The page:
Revenue-per-Email-Sent (RPE, often called “Revenue-per-email”) is measured as a currency value; it can be as low as $0 and there is no upper limit on how high it can be.
It is more easily calculated than Return-on-Investment (ROI) or Return-on-Ad-Spend (ROAS), as the only data required is the revenue generated and the number of emails sent. This makes it the simplest business metric; it is an appropriate and often-used key performance indicator (KPI).
Tips for Interpreting Revenue-per-email (RPE)
RPE gives you a good read on how effectively the email message drove revenue, which is often the primary goal of an email campaign. RPE adjusts the total revenue figure so that you can do an apples-to-apples comparison, even if your send quantities are very different.
While Revenue-per-email (RPE) isn’t as good as ROI or ROAS, it’s close. And if you’re doing A/B split testing, where the cost of goods sold and overhead are the same for both the control and test versions of your email, it’s a quick way to be able to declare a winner.
You can also use RPE to rank your sends by most- to least-effective, giving you data to use to optimize the performance of your overall email marketing program.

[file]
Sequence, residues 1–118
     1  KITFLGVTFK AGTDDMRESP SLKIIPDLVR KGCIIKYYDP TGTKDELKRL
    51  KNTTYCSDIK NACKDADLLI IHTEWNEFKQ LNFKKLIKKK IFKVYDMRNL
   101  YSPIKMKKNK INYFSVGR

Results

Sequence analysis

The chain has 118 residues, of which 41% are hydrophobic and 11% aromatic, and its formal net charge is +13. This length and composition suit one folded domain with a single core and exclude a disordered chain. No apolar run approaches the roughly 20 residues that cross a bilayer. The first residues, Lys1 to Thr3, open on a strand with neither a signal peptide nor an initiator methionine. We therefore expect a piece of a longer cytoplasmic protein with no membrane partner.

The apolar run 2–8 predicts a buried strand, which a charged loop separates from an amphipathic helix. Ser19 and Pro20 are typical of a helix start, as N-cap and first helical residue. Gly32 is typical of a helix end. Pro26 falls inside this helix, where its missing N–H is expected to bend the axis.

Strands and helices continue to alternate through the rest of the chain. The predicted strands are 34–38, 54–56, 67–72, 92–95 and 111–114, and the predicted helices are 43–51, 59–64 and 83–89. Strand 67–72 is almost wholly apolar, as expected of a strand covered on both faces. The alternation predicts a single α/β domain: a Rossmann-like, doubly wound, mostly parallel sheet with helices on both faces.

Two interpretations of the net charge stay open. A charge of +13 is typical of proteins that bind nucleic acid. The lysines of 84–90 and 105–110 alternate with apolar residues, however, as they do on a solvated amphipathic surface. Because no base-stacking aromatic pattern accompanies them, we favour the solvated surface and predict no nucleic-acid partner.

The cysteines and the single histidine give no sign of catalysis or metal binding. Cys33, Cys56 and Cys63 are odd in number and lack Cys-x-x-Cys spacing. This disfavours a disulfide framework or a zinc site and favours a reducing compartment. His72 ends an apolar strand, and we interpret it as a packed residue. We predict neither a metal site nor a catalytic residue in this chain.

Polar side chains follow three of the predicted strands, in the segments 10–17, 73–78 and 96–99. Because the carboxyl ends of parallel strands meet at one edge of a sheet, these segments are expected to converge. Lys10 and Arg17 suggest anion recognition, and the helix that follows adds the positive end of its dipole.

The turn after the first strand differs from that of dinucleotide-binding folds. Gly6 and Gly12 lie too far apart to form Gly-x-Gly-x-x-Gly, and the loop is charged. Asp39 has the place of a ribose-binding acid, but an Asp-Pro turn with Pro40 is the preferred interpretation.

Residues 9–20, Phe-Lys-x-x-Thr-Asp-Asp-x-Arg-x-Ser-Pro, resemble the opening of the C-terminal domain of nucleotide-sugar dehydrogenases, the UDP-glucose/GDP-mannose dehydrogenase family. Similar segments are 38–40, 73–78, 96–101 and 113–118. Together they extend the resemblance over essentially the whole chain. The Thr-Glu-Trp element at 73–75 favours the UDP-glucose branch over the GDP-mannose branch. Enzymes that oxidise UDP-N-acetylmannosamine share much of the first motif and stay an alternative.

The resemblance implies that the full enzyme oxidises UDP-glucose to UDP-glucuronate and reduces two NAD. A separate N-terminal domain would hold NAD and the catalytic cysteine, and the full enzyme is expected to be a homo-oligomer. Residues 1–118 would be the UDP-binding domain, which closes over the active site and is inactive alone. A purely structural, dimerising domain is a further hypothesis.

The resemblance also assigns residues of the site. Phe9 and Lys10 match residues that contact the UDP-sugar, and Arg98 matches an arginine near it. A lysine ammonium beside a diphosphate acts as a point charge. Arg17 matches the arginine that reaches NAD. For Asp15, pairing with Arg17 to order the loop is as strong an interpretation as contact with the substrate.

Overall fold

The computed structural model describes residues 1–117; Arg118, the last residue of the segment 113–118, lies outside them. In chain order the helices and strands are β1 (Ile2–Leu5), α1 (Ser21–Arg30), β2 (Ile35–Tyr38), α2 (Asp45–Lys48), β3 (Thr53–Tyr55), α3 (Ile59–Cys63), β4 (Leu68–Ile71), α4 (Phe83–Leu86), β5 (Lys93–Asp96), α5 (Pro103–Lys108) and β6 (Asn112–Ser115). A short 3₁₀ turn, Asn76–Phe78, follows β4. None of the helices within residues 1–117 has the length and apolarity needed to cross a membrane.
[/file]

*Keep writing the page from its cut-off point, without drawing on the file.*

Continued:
See our other articles for examples of other metrics baked-on revenue like Return-on-Investment (ROI) or Return-on-Ad-Spend (ROAS).
If your calculated RPE is very small — less than $1.00, say — it’s appropriate to shift to revenue-per-thousand-emails-sent (RPME) as your key metric. It’s easy to calculate, just:
- Divide your send quantity by 1,000 in the original equation
- Multiple your calculated RPE by 1,000
Want to learn more about RPE and other revenue-related metrics? I wrote “Revenue per Email — An Advanced Email Marketing Metrics You Should Know” years ago, but the blog post is still relevant today.
Love case studies? Here’s one on RPE: “Revenue per Email Measurement Case” and one that I wrote about RPE and other revenue metrics, “Case Study: How the Wrong KPI Can Make Your Testing Useless…”